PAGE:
Cancer Ablation: Understanding the Technologies and Their Applications

Cancer Ablation: Understanding the Technologies and Their Applications

Salomao Faintuch

Muneeb Ahmed

S. Nahum Goldberg


Thermal (radiofrequency [RF], microwave, laser, and cryoablation) and nonthermal (chemical and irreversible electroporation [IRE]) ablative therapies have gained increasing clinical acceptance as methods for treating focal primary and secondary malignancies of the liver, kidney, lung, and bone.

This chapter presents the general principles and underlying rationale for commonly used ablative tumor therapies. Recent technological advances and future directions will also be discussed.

Approaches to Tumor Ablation

The use of percutaneous image guidance facilitates the least invasive approach for needle-based tumor therapies. By using imaging such as ultrasound, computed tomography (CT), or magnetic resonance imaging (MRI), tumors can be precisely targeted and treated by advancing a percutaneous needle applicator. Only a few needle insertions are necessary, and no skin incision is created. Most of these procedures can be safely performed under local anesthesia and intravenous moderate sedation, on an outpatient basis.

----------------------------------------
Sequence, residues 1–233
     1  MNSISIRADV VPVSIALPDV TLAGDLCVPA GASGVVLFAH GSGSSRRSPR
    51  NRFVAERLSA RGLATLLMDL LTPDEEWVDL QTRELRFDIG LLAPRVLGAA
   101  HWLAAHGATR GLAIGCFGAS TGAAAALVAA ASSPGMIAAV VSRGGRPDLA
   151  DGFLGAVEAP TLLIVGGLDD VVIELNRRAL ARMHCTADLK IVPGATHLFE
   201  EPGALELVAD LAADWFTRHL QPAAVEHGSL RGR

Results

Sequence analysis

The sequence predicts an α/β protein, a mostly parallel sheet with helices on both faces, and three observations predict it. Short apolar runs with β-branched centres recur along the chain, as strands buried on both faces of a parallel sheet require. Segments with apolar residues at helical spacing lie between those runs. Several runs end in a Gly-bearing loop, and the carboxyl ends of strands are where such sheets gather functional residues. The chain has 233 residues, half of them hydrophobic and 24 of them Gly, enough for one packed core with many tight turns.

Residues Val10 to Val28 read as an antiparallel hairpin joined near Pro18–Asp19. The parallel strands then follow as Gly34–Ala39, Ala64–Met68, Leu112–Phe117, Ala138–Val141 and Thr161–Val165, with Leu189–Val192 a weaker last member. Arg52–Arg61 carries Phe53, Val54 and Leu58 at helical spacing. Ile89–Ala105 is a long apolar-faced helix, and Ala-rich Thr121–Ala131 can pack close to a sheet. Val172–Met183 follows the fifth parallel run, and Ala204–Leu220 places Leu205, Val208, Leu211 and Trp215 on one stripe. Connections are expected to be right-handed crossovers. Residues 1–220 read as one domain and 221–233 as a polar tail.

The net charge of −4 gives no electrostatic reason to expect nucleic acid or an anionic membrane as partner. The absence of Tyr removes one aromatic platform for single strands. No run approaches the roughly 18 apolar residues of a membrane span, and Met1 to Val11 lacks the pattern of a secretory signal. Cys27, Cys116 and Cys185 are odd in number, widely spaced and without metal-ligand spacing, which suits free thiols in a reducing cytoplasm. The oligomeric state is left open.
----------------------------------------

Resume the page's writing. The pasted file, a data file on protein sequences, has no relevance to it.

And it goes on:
Tumor ablations have also been successfully performed using laparoscopic and open surgical approaches, under general anesthesia, with varying degrees of invasiveness.

Objectives of Tumor Ablation